–or map an archipelago-like expanse of islands of proportions and situation determined by a meridians and parallels. The naming of space is less dependent on their calculation in relation to tropics and precise degrees of meridians–
The placement of its landmasses on an etched suggests a far less prominent or conspicuous announcement of a new continent, to be sure, than a surface removed by sea, and a translation of geographic language into a register of wonders.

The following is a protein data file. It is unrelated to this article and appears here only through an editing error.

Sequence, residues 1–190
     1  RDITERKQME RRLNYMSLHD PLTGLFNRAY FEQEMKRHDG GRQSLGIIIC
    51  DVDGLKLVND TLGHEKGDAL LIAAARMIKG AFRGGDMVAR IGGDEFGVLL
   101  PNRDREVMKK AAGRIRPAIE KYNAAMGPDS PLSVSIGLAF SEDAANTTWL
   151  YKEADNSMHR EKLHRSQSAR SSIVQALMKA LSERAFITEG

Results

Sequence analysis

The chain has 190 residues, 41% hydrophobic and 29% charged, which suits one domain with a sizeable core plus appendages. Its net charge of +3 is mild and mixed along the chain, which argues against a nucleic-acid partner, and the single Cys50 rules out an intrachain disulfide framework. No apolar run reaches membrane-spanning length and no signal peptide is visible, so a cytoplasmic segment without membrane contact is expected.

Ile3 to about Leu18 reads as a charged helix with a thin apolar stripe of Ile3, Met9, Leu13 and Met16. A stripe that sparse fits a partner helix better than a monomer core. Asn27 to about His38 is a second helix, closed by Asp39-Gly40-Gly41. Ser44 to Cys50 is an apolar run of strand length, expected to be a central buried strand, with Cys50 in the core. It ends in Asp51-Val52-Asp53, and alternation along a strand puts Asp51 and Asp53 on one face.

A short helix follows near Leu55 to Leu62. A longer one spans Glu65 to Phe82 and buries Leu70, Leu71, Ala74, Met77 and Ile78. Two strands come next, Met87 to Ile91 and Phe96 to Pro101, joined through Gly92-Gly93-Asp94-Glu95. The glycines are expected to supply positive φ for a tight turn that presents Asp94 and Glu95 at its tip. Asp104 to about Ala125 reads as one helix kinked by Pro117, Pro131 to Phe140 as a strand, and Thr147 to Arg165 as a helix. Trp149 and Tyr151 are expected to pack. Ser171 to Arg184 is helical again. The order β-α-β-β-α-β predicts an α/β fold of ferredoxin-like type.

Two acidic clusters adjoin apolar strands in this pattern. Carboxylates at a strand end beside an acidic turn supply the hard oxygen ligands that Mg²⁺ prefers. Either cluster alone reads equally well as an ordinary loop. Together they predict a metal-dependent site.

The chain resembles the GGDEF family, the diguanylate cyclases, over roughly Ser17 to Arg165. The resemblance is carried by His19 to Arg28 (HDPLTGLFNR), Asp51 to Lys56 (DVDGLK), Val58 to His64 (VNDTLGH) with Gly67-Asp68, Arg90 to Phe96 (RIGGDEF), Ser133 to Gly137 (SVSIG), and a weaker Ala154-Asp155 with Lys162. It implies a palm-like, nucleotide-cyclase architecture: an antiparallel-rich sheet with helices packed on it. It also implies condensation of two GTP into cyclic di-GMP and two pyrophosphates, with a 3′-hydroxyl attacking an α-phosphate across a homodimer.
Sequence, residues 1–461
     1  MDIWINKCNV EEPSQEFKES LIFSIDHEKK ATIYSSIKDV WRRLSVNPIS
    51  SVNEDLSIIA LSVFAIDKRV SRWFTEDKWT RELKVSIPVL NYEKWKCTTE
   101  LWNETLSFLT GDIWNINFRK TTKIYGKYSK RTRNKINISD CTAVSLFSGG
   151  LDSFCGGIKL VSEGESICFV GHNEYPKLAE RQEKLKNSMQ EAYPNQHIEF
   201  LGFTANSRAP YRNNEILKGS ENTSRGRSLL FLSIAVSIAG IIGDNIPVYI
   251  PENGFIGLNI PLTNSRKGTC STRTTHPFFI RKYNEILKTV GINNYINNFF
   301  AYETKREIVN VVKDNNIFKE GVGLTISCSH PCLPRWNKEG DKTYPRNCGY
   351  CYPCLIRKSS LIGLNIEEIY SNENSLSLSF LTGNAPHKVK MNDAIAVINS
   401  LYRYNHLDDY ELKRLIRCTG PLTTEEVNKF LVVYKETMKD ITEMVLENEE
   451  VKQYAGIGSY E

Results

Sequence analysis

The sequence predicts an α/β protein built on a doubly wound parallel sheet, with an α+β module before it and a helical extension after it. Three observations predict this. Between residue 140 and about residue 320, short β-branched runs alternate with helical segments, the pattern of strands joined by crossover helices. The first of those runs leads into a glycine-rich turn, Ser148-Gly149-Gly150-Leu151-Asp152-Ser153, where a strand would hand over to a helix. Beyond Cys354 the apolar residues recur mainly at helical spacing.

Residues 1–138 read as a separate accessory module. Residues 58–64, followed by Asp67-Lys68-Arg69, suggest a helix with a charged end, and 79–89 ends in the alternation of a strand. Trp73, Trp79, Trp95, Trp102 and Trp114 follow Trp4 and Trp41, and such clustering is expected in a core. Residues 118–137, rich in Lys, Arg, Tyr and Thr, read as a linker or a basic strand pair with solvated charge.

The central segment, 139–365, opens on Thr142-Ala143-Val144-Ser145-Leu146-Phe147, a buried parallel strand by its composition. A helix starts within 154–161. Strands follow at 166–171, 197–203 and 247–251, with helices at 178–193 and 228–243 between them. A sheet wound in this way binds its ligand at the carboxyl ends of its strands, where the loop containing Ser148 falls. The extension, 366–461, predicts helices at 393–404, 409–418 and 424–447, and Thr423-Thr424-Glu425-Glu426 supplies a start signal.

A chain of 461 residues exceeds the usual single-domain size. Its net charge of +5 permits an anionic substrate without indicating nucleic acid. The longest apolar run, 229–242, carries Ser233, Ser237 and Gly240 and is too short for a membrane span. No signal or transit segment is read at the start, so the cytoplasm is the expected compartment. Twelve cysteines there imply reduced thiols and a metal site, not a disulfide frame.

The ostrich-egg globe, lastly, suggests the need to identify the variety of compelling contexts to read maps as curiosities as well as indexed documents, ordering geographic space for new audiences by practices transmitted across networks of collaboration–rather than as idealized geometric forms. It is interesting to examine why Ptolemaic artifice is less on display in either of the globes, also made from marine charts. Identical in most aspects to the Hunt-Lennox globe in the New York Public Library, which was made of conjoined halves of copper connected by a thread at its poles, the eggshell globe poses questions about the artifice by which it mediated the coherence of terrestrial expanse to different audiences of readers–oriented them to a totality of terrestrial expanse they could never hope to know at first hand, clearly privileging its ordered nature but not reducing it to indices. The tacit ordering of its surface suggests the elite audience that its anonymous designer addressed.